By 1986, as Party control imperceptibly weakened, there is a hint of change or loosening of the control of special ops, with the West Berlin discotheque bombing, the casus belli for the 1986 United States retaliatory strikes against Libya 10 days later. It required opening of the Stasi archives in 1990 to provide sufficient evidence for prosecution of individuals.

What did the Stasi archives reveal? This is the perfect cliffhanger, so stay tuned!

For Pros Only: (CNN) Fauci says task force seriously considering new testing strategy; Vilfredo Pareto

The is for professionals only.  It has significant math.  This is not the continuation of COVID Resurgent: Of Hares and Foxes; Primer for Policy Makers, Part 1, which will follow shortly. If you’re not a pro, skip this article.

(CNN) Fauci says task force ‘seriously considering’ new testing strategy. Quoting,

“Something’s not working,” Fauci said of the nation’s current approach in an interview with The Post. “I mean, you can do all the diagramming you want, but something is not working.”

All testing,  pooled or no, is good, and the more testing the better. This article looks beyond the testing strategy, for problems in the model. All models, even of simple systems, are wrong. A model seldom deals with fundamental processes. It works at the higher level of convenient simplification, or even fiction.  The only criteria is how well it works.  Albert Einstein: “Everything should be made as simple as possible, but no simpler.”

If  a model does not produce useful predictions, we can try complicating it with features of the situation which might have been thought unimportant.  The mainstream of thought centers around these parameters:

  • A(t) is the number of active cases
  • R_o, the basic reproduction number, is the number of cases infected by each active case
  • C(t) is the increment of cases that recover.
  • S(t),  which I will divulge after you have a look at the next equation.

With each time step, the model predicts,

A(t+1) = R_o*A(t) + A(t) – C(t) + S(t)

where C(t) is proportional to A.

This is the standard equation for a mostly naive  population. Later on, when herd immunity has a significant influence, it is replaced by a model of  higher dimension. It’s all quite familiar, except for a new term,  S(t), which is the source of our problems, why the predictions of testing on the model fail so miserably.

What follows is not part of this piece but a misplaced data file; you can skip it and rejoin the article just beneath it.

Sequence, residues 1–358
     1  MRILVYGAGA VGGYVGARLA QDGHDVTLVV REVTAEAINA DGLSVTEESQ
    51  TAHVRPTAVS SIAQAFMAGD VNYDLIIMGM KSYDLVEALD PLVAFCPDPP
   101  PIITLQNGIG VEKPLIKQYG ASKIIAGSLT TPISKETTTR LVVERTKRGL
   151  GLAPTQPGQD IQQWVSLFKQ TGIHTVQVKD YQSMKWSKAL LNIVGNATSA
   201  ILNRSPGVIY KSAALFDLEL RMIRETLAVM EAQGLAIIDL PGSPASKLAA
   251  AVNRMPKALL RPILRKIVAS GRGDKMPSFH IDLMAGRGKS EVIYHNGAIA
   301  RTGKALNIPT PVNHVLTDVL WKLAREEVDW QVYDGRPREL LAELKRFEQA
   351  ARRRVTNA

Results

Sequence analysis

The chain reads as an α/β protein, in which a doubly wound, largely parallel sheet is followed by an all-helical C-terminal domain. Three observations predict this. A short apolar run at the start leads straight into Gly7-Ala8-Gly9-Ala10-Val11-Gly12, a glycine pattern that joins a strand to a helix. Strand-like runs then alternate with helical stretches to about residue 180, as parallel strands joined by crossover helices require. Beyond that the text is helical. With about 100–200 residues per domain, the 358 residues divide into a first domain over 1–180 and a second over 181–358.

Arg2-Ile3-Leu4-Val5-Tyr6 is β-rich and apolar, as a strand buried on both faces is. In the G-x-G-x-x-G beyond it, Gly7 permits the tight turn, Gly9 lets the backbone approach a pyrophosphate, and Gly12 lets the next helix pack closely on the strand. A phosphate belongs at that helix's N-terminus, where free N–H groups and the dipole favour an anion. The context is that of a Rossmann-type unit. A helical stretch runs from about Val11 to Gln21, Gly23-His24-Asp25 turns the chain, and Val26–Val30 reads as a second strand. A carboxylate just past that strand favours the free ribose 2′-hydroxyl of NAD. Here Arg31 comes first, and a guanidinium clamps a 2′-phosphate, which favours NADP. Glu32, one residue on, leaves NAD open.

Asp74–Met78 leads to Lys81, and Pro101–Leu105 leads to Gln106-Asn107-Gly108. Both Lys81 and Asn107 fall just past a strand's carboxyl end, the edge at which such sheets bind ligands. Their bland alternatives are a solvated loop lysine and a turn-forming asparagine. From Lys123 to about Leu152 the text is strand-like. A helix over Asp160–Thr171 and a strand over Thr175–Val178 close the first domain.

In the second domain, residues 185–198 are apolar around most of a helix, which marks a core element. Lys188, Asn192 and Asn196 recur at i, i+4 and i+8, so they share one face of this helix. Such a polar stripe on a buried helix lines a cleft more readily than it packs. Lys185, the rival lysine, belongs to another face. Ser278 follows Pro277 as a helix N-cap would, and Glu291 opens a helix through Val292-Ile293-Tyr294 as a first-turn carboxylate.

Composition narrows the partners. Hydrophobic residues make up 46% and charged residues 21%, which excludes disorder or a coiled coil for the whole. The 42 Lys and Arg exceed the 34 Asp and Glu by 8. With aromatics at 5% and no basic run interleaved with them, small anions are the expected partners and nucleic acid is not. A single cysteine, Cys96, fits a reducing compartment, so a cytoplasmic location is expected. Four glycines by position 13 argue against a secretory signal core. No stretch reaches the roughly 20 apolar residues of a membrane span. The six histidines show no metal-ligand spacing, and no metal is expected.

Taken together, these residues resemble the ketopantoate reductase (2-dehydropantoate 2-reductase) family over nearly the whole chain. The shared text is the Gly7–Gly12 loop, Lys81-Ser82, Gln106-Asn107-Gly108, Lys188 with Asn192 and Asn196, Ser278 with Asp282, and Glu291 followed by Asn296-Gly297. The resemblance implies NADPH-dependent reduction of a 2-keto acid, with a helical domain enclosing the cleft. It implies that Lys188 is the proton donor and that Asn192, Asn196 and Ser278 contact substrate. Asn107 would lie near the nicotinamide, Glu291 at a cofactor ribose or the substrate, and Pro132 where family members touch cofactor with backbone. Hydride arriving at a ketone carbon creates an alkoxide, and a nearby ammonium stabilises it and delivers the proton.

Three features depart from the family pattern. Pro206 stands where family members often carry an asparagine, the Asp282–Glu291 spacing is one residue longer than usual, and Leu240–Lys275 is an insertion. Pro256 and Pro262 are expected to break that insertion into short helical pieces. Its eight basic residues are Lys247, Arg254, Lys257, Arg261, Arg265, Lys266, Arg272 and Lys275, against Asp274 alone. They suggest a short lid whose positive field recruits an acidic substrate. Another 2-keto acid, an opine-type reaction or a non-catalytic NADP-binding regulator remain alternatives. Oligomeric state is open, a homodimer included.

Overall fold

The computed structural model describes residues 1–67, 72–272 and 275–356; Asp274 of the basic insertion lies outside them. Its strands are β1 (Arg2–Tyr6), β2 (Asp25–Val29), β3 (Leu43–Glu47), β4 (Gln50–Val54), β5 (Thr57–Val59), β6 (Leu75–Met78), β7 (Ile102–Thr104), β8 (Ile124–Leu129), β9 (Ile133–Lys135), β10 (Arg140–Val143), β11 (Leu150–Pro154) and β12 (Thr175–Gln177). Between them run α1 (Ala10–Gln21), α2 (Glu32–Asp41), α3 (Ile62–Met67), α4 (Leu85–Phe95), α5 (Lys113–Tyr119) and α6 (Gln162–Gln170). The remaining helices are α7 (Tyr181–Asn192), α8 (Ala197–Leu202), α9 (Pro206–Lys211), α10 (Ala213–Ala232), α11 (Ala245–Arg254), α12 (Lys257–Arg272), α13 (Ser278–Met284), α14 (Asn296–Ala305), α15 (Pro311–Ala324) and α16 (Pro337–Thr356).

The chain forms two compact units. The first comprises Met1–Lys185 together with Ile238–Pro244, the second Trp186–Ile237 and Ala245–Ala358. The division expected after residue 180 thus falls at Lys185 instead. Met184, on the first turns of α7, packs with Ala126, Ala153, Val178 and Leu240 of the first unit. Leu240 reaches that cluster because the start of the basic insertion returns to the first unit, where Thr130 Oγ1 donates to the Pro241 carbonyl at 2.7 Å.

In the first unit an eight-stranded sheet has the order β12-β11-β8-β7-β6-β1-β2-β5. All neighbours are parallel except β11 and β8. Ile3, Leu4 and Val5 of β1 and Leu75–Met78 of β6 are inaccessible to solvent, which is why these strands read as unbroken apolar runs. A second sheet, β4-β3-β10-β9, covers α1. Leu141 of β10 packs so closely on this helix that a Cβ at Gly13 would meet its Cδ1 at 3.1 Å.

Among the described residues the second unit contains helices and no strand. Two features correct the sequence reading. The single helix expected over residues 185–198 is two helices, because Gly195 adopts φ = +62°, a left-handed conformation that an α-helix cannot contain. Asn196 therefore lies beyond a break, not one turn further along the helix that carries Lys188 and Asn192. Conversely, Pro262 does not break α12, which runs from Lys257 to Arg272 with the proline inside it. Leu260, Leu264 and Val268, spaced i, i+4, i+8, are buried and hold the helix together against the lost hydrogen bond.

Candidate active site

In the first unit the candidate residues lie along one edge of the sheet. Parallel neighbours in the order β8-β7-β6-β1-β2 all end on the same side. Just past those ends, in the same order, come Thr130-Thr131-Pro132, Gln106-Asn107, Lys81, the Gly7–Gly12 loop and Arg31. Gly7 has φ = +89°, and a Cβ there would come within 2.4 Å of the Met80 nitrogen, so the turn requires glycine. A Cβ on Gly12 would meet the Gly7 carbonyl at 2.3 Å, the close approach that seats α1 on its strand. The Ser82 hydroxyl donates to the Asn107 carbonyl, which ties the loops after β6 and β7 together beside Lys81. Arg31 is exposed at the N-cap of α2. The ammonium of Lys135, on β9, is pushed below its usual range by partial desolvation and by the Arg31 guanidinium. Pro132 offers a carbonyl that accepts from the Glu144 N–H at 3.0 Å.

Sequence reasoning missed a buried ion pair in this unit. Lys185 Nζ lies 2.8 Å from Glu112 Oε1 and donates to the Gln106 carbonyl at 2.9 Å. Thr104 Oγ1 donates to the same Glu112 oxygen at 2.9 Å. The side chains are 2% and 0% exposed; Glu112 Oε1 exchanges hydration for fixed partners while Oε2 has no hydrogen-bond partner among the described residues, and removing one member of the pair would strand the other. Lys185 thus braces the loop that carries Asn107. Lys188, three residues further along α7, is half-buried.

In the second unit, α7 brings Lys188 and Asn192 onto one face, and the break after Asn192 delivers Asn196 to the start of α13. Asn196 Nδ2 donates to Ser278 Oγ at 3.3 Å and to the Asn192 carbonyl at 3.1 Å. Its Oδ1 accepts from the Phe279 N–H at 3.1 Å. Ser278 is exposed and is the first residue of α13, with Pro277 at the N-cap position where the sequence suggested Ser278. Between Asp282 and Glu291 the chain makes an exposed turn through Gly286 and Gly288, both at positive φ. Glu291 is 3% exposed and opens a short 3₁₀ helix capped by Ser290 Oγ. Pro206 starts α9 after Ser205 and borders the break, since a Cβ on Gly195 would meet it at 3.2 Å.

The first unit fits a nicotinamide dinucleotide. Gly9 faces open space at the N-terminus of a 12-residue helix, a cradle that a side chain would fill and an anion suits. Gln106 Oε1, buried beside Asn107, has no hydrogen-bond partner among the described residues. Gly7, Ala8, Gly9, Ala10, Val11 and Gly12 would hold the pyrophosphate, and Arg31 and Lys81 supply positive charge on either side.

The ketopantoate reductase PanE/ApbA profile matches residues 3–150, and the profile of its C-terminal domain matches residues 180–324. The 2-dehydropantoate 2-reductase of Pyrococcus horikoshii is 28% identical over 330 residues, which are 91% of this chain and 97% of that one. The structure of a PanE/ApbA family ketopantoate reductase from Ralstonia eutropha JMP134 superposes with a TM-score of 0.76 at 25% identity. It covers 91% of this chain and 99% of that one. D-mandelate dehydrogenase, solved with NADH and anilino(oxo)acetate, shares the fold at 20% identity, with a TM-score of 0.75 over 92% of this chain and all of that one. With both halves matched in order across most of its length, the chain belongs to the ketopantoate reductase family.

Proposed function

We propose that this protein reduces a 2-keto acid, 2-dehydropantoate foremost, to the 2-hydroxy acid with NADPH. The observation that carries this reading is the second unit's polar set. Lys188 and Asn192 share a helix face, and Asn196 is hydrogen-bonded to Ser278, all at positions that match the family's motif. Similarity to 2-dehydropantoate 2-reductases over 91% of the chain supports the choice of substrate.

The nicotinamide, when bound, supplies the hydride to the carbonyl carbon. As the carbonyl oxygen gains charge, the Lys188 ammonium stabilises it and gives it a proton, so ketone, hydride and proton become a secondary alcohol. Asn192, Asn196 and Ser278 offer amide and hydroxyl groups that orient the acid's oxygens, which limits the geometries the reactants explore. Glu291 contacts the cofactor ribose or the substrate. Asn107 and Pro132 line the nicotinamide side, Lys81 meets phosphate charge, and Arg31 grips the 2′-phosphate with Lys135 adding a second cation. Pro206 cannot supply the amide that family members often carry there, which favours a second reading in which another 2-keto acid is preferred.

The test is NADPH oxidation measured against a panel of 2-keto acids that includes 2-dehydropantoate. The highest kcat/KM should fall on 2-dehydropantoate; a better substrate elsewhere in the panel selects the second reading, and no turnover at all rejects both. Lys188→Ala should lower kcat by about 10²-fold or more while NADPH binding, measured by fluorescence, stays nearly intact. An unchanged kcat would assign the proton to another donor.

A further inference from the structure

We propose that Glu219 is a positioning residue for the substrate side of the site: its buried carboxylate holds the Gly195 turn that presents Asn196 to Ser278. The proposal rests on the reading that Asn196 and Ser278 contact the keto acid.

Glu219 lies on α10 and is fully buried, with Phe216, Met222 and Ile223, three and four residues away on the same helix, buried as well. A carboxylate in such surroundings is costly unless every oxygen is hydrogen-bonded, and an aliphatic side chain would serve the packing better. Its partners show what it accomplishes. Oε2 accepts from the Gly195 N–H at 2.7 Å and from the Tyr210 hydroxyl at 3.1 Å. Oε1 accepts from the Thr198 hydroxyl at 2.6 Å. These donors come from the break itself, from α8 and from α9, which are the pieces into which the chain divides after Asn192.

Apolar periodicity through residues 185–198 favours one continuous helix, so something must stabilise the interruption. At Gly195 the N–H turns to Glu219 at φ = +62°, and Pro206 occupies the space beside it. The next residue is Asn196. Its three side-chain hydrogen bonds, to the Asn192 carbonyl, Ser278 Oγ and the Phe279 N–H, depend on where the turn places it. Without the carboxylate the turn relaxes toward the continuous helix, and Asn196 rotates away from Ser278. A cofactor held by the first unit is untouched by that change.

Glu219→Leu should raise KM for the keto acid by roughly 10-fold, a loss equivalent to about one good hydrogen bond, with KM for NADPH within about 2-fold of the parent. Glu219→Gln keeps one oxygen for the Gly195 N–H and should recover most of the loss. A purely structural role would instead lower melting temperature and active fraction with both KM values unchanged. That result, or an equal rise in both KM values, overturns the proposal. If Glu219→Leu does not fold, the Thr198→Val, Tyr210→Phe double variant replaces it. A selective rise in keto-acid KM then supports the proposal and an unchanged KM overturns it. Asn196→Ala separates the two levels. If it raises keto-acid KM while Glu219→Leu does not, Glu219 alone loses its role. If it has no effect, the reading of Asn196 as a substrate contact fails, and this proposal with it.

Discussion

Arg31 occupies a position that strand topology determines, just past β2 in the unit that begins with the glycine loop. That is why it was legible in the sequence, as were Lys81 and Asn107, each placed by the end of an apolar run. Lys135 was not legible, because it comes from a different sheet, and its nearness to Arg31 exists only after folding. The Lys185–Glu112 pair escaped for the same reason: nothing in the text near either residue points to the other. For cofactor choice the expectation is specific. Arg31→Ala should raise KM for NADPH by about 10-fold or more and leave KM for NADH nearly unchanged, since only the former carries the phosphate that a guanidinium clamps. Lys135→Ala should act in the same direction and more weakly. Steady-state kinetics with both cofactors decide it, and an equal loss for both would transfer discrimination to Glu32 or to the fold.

S is a guess that even at this early stage, COVID-19 is not adequately simulated by a piecewise linear model.S” could stand for “secret” or “seed”:

  • Secret, because it characterizes the 90% of COVID-19 cases that are invisible.
  • Secret also because we know as much about how it works as dark matter.
  • Seed, because, with asymptomatic transmission, the secret process seeds the one we know about.

Cynically, adding S to the model could make it work better simply because there are more parameters to play with. But it allows us to incorporate a reference to the fundamental processes of infection which the standard model cannot accommodate. It is motivated by the prominent relationship  of drinking establishments with COVID spikes.

The number of COVID virions required to produce infection may have no threshold greater than zero, but it is still thought to influence disease severity. The simple classification scheme of infected/clear handicaps modeling. Defining a series of disease states makes it possible to incorporate a threshold function based on the  number of  virions in the exposure:

  • Not infected.
  • Latent, viral load undetectable.
  • Asymptomatic, non communicable, sheds non viable viral detritus.
  • Asymptomatic, communicable, sheds live virus.
  • Symptomatic, communicable. The 10% which have been mistaken for the main event.

We could graph these states on the Y-axis, from 0 to 4, against an X-axis of virions per exposure. Do we expect a straight line? Linear systems are very special and rare. Without knowing anything more than the way the universe works in general, we can say the curve is not linear. Occam’s Razor has two more suggestions:

  • The graph is monotonically increasing.
  • There is a threshold, a level of exposure that sharply increases severity.

Would a threshold pop out with the above scheme of 5 disease states? Maybe, maybe not. But as serology becomes more attuned, it’s likely that someone looking at some graph will see it. This refines the model.

Louis Pasteur said, “In the fields of observation chance favors only the prepared mind.” So let’s prepare, by writing a model that can approximate more of reality. In the  secret process S, the simplicity of a constant R_o will not exist. R_o is replaced by F(S). The model becomes nonlinear. This is an inevitable consequence of a threshold. So where:

  • S is the number of people in the secret state of infection.
  • F(S), a random variable, is analogous to R_o for the linear model.
  • C_s(t) is the increment of S who recover completely.
  • I is the increment who transition to obvious infection, adding to A.

We might write,

S(t+1) = F(S)*S(t) + S(t) – C_s(t)  – I(t)